By Uri Avnery
So is Hezbollah a terrorist organization?
Of course not.
So why has the Arab League decided that they are?
Because most of the league’s member states are Sunni Muslims, while Hezbollah is a Shiite organization supporting Shiite Iran and Alawite (quasi-Shiite) Bashar al-Assad in Syria.
So were Israel’s Arab parties right when they condemned the league’s resolution?
Right, yes. Wise, no.
Let’s start with Hezbollah. Surprisingly enough, it is in a way an Israeli creation.
Lebanon is an artificial state. For centuries, it was considered a part of Syria. Because of its mountainous terrain, it was an ideal place for small persecuted sects, which could defend themselves there. Among them is the Maronite Christian community, called after a monk by the name of Maron.
After World War I, when the victorious Great Powers carved up the Ottoman Empire between them, France insisted on the creation of a Christian Lebanese state under its stewardship. Such a state would have been very small, devoid of a major port. So, unwisely, the territories of various other sects were added to create a larger state, consisting of several mutually antagonistic communities.
There were (a) the Maronites in their mountain bastion, (b) diverse other Christian sects, (c) the Sunni Muslims, who had been settled by the Sunni Ottoman Empire in the major port cities, (d) the Druze, who had split from Islam many centuries earlier, and (e) the Shiite Muslims.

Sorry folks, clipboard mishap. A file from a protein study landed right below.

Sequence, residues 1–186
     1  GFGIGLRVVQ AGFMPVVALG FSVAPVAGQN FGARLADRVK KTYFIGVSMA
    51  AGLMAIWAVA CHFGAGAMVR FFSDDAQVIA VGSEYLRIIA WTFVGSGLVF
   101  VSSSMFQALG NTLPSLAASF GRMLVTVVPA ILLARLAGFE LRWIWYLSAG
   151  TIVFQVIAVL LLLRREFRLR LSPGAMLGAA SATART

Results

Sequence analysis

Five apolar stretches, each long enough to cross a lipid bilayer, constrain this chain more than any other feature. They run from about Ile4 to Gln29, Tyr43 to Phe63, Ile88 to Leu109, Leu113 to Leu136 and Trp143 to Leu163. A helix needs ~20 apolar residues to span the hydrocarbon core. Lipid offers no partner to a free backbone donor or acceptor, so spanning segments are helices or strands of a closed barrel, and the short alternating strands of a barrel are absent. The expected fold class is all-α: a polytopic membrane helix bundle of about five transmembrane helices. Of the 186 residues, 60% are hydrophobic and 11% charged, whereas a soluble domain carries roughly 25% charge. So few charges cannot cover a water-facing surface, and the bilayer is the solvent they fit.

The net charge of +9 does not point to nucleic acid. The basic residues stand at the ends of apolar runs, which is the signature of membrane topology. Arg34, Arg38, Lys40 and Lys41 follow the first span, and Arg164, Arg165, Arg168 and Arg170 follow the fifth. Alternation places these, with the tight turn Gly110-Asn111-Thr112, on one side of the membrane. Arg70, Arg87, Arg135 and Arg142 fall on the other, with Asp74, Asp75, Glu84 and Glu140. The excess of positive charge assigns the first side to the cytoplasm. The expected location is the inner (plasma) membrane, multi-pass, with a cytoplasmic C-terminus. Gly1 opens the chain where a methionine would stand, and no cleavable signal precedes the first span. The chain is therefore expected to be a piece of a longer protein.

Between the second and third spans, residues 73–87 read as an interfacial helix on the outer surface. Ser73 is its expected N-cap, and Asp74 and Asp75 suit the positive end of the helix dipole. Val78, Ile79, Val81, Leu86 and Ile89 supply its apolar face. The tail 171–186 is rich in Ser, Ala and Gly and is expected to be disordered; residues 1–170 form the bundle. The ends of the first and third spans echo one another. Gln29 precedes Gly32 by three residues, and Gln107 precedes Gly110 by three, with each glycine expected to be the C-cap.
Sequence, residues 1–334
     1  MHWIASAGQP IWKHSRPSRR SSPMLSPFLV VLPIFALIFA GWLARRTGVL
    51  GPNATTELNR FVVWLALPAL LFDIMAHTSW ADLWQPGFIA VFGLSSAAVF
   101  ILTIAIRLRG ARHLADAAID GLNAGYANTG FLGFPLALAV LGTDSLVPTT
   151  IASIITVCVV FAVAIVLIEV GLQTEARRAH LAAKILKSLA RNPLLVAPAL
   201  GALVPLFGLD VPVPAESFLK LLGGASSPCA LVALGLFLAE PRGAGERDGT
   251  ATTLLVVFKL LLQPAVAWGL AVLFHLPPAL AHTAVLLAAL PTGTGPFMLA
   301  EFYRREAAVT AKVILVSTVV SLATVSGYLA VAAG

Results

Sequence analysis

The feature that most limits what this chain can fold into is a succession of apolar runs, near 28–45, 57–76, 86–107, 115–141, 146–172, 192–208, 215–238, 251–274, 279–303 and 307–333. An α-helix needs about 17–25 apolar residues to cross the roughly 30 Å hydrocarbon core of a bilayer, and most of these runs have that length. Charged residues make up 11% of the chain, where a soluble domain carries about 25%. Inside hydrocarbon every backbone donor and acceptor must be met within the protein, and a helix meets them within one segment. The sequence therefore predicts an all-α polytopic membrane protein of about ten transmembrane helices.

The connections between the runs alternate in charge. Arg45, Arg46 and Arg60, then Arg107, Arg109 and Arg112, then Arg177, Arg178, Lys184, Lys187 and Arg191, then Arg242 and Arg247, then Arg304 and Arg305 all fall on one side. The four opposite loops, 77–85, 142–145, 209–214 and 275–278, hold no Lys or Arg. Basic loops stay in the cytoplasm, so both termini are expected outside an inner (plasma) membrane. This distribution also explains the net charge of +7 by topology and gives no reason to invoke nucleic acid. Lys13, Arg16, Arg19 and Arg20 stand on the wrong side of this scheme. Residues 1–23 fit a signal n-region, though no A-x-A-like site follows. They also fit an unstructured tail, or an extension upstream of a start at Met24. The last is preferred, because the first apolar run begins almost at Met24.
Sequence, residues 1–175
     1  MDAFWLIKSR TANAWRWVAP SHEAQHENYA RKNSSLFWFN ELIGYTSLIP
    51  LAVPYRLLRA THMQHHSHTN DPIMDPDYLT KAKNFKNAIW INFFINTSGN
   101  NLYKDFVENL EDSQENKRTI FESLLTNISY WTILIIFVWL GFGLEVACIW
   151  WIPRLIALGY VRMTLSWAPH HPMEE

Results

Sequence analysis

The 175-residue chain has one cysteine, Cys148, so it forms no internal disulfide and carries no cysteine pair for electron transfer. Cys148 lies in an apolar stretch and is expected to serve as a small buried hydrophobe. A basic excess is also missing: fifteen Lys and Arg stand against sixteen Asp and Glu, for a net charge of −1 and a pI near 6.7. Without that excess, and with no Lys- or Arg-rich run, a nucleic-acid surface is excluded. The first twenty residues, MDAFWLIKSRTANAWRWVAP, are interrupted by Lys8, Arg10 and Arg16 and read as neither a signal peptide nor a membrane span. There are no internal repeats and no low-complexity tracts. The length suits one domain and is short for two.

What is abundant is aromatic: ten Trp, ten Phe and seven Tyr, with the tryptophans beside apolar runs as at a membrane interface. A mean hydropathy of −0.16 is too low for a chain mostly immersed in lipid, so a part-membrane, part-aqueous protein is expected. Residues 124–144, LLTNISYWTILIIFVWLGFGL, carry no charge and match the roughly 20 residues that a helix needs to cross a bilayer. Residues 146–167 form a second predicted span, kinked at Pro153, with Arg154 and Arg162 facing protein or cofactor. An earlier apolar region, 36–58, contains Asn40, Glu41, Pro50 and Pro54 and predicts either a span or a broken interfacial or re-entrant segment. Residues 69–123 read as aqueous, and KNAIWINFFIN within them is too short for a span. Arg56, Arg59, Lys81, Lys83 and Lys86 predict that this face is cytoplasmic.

The Shiites are the inhabitants of the South. They were the poorest and weakest sect, despised and exploited by all the others.
In this federation of sects which is Lebanon, the constitution gives each sect a senior job. The president of the state is always a Maronite, the Prime Minister a Sunni, the army commander a Druze. There was nothing left for the poor Shiites, except the post of the Speaker of Parliament, a title without power.
For more than a generation, the Israeli-Lebanese border, which is in practice the Israeli-Shiite border, was Israel’s only peaceful one. Farmers on both sides worked in close proximity, without fences, without incidents. The saying was that Lebanon would be the second Arab state to make peace with Israel – not daring to be the first.
Once in the early 1940s I crossed the unmarked border by mistake. A nice Lebanese gendarme intercepted me and politely showed me the way back.
After the “Black September” in Jordan (1970), when King Hussein crushed the Palestinian forces, South Lebanon became the new Palestinian base. The quietest border became quite unquiet.
The Shiites did not like the Palestinians and the trouble they caused. When the Israeli army invaded Lebanon in 1982 with the unspoken aim of pushing the Palestinians out and installing a Maronite dictatorship, the Shiites were happy. The pictures of Shiite villagers receiving Israeli soldiers with bread and salt were not staged.